Thursday, April 16, 2015

A Tribute to Historical Romance Icon Bertrice Small (1937 – 2015)


Today, I was to have a very special guest on my blog, one I’d been looking forward to for a long time: historical romance icon Bertrice Small. Alas, she passed away in February. We will all miss her. I could not let this month go by, however, without paying tribute to such a wonderful woman and author.

For those of you who don’t know, she was the author of more than 60 novels, 42 of which are historical romances. They include her first, THE KADIN, which I will review this month, the beloved O'Malley Saga and one of my favorite series, the Border Chronicles, among others.

A New York Times bestselling author, she also appeared on other best-seller lists including Publishers Weekly, USA Today, and the L.A. Times. Publishers Weekly said of her, “Bertrice Small creates cover-to-cover passion.” And, oh boy, did she ever.

In my exchanges with Bertrice, I once made the mistake of suggesting some of her romances were “bodice rippers” (I actually have a best list dedicated to the good ones and some of her novels are on the list). Bertrice didn’t like the label. In her own words, “I write sexy, but historically accurate novels.” She did, indeed. I particularly liked the fact her historicals included real history, and that the history she featured was always very well researched. I do an incredible amount of research for my own stories (hundreds of hours), but Bertrice put me to shame. She spent 5 years researching her first novel, THE KADIN, published in 1978. 

As I said in one of my reviews of her novels, Bertrice had a very different style and told very complex stories. If a reader can adjust her expectations to embrace Small’s unique style, a rich reward awaits, a deep plunge into a historical setting with well-developed characters whose life experiences are realistic for the time and the place. She used long narratives, repeated scenes told through different characters' eyes, "head hopping" from one character's perspective to another in rapid succession when it helped her give the scene depth and a well woven tapestry of the characters’ lives. The hero and heroine might be surprising, too. Not all have one love and live happily ever after. Oh, Bertrice generally gave us happy endings, don't get me wrong, but they might not be the endings you expected, and maybe not with the hero you expected.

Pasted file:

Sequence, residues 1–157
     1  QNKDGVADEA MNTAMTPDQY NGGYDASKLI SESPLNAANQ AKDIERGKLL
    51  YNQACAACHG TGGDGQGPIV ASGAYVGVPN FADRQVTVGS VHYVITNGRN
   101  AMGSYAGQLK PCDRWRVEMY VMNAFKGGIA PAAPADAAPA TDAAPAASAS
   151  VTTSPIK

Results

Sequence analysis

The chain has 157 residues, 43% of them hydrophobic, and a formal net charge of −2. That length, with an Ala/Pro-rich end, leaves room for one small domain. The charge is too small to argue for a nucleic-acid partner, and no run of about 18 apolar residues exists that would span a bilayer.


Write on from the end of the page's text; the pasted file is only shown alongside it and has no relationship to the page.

In her lifetime, Bertrice won numerous awards including Career Achievement for Historical Romance, Best Historical Romance, Outstanding Historical Romance Series, Career Achievement for Historical Fantasy from RT Book Reviews, a Golden Leaf from the New Jersey Romance Writers chapter of Romance Writers of America, Author of the Year (2006), the Big Apple Award from the New York City Romance Writers chapter of RWA, and several Reviewers Choice awards from RT Book Reviews. 
Bertrice at RT in 2008
 

In 2004, she was awarded a Lifetime Achievement Award by RT Book Reviews for her contributions to the historical romance genre. And in 2008 she was named by RT Book Reviews along with her friends Jennifer Blake, Roberta Gellis and Janelle Taylor, a Pioneer of Romance. Well-deserved awards, every one.

Bertrice and I had been talking for quite a while about her appearance on Historical Romance Review. In our conversations, she was engaging and energetic and very excited about her post. She told me, “I want to educate all romance readers about the late 20th century revival of this genre, and those of us who were involved.” 

I originally invited her to be on the blog in October but her schedule prevented her joining me for medieval month and so, we agreed on April, which is classics month. Bertrice wanted to talk about the handful of authors who were “there at the beginning.”

She told me, I usually start by saying, ‘In the beginning there were 7 women called the Avon Ladies, and a guy from Texas named Jennifer.’” She asked me if I was intrigued. I was.

Without Bertrice to guide me, I did a bit of research, and I do hope I got it right.

Bertrice and the legendary group of “Avon Ladies” helped shape the genre. It was hard to nail down only 7 names, but I do know that greats like Kathleen Woodiwiss, Rosemary Rogers, Johanna Lindsey, Laurie McBain, Joyce Verette, Patricia Hagan and Shirlee Busbee were among those Avon authors who were “there at the beginning.” Like Small’s own books, these authors’ stories broke new ground and inspired generations of romance writers.

Tom Huff (aka Jennifer Wilde)
Oh, and about “the guy from Texas named Jennifer,” Bertrice was referring to Tom Huff who wrote historical romances under the pen name Jennifer Wilde (I've just reviewed Once More Miranda, a keeper). Bertrice told me,